But, out of 40 defectors from the regions near Punggye-ri who were tested for radiation in 2017 and 2018, at least nine showed abnormalities. The ministry said, however, that it could not establish a direct link with the nuclear site. More than 880 North Koreans have escaped from those regions since 2006, the report said. The rights group urged a resumption of testing and an international enquiry into the radiation risks for communities around Punggye-ri. The Unification Ministry did not immediately respond to a request for comment.
Seoul and Washington have said Pyongyang could be preparing for a seventh nuclear test. Tens of thousands of junior doctors in England have voted for strike action next month, their trade union said on Monday, adding to a series of walkouts by nurses and ambulance workers putting pressure on an already strained health system. The British Medical Association (BMA), which represents some 45,000 junior doctors in England, said 98% of those taking part in a ballot had voted in favour of strike action, adding that they will stage a 72-hour walkout next month. The BMA did not give a date for the strike.
Junior doctors agreed in 2019 to an annual 2% pay rise as part of a four-year deal but say that is now inadequate in light of much higher inflation. "This vote shows, without a shadow of a doubt, the strength of feeling among most of England’s junior doctors," the BMA said. ." "We are frustrated, in despair and angry and we have voted in our thousands The BMA describes junior doctors as those who are qualified in clinical training and have up to eight years' experience working as a hospital doctor or up to three years in general practice. They work under the supervision of a senior doctor.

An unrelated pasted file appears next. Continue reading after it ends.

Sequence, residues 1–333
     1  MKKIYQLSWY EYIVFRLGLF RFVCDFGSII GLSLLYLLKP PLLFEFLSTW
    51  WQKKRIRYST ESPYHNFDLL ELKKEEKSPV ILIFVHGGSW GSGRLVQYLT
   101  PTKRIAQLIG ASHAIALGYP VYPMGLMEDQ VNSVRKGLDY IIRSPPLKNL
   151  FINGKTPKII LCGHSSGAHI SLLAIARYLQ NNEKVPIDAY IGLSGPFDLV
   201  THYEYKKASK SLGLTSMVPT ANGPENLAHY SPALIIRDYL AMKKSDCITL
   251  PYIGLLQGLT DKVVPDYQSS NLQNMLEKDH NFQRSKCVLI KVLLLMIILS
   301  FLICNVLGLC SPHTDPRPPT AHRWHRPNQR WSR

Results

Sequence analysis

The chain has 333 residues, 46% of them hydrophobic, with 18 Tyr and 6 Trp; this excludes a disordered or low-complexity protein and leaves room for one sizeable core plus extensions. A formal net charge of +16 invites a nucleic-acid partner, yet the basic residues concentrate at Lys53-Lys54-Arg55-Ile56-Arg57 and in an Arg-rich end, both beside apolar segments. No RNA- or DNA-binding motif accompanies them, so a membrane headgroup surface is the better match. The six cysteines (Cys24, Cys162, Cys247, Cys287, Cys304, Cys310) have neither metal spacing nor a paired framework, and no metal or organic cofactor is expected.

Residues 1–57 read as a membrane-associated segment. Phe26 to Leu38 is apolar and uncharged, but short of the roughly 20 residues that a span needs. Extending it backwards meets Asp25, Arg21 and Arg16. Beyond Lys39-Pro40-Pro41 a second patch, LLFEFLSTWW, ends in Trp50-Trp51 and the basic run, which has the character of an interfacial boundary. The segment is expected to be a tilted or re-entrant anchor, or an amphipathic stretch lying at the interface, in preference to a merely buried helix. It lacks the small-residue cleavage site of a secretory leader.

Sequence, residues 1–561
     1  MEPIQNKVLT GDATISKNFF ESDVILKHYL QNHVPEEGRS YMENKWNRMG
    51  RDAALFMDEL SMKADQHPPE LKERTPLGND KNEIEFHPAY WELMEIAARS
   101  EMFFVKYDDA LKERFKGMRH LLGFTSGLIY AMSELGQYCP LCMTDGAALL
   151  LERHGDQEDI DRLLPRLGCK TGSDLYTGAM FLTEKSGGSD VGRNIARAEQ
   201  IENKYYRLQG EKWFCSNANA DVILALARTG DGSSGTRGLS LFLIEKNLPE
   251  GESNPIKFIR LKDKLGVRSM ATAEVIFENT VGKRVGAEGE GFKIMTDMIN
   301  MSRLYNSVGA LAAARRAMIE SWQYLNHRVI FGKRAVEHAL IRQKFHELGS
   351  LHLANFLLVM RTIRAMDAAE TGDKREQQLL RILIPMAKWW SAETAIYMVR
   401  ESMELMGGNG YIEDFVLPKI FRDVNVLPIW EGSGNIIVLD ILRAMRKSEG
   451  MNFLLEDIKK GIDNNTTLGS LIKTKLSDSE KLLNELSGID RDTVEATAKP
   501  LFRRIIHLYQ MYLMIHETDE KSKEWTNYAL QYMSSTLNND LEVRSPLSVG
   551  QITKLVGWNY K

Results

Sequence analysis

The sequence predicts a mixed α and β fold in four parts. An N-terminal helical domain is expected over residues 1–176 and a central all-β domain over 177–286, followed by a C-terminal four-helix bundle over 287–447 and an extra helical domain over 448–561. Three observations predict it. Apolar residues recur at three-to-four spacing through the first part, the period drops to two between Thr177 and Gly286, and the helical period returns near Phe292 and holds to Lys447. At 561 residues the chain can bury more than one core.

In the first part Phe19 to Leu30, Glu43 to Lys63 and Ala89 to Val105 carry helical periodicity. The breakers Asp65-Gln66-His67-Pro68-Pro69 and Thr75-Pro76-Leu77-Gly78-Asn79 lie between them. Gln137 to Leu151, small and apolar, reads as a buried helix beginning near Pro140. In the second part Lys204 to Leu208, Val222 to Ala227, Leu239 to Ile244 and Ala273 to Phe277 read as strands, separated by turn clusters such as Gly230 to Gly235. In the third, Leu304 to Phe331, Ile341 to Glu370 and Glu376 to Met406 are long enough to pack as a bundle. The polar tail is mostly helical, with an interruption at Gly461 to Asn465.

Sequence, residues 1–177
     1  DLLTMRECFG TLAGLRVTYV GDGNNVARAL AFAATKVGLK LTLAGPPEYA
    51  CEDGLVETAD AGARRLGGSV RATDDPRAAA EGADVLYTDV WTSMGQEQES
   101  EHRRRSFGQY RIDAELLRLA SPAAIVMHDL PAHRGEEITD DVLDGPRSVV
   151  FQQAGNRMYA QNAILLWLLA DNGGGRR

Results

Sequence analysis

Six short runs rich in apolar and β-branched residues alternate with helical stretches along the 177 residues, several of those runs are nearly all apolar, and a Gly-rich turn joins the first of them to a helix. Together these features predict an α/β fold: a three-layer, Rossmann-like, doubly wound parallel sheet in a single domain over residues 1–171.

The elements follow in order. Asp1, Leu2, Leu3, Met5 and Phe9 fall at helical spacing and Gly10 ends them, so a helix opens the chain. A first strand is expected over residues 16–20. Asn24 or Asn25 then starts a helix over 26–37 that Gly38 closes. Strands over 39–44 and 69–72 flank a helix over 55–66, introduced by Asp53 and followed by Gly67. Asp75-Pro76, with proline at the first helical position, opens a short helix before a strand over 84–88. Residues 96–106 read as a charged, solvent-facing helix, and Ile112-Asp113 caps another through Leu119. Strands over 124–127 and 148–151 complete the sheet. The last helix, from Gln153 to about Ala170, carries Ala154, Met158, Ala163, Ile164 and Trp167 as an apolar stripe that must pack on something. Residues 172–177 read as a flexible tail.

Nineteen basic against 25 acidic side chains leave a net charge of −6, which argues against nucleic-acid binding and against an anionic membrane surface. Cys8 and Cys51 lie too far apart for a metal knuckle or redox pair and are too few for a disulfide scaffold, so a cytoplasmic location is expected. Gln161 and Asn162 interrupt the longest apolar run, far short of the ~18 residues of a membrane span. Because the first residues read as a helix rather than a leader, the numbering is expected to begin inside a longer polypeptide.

British health minister Steve Barclay called the vote "deeply disappointing." "I've met with the BMA and other medical unions to discuss what is fair and affordable, as well as wider concerns around conditions and workload. I want to continue discussing how we can make the make the NHS a better place to work for all," he said in a statement, using the acronym for the National Health Service.
The BMA says junior doctors have suffered a more than 25% real-terms pay cut since 2008, leaving many demoralised and four in 10 wanting to leave the profession, according to a recent survey. Another trade union for doctors, the Hospital Consultants and Specialists Association, said its junior doctor members had also voted to carry out strike action in a separate ballot. That strike, on March 15, involves less than a thousand staff. The strikes will heap more pressure on Britain's state-funded NHS which is already stretched by staff shortages and record backlogs, and is now experiencing waves of disruptive strike action by health workers. Prime Minister Rishi Sunak's government has argued that higher pay rises would only cause more inflation and interest rates and mortgage rates to go up further. More than 10,000 ambulance workers were on strike on Monday, while the nursing trade union last week announced a fresh 48-hour strike from March 1.
China's photovoltaic (PV) sector posted robust growth in 2022 with the total output value of the industry exceeding 1.4 trillion yuan (about 200 billion U.S. dollars), official data showed. The output of the major links of the industrial chain, including polysilicon, wafers, cells and modules, all registered year-on-year growth of over 55 percent, according to the Ministry of Industry and Information Technology. Last year, the country saw a steady expansion of the construction of large-scale PV bases and the application of distributed photovoltaics, with the country's newly-added installed PV capacity reaching 87 gigawatts. Strong overseas market demands for new energy drove up the export of China's PV products.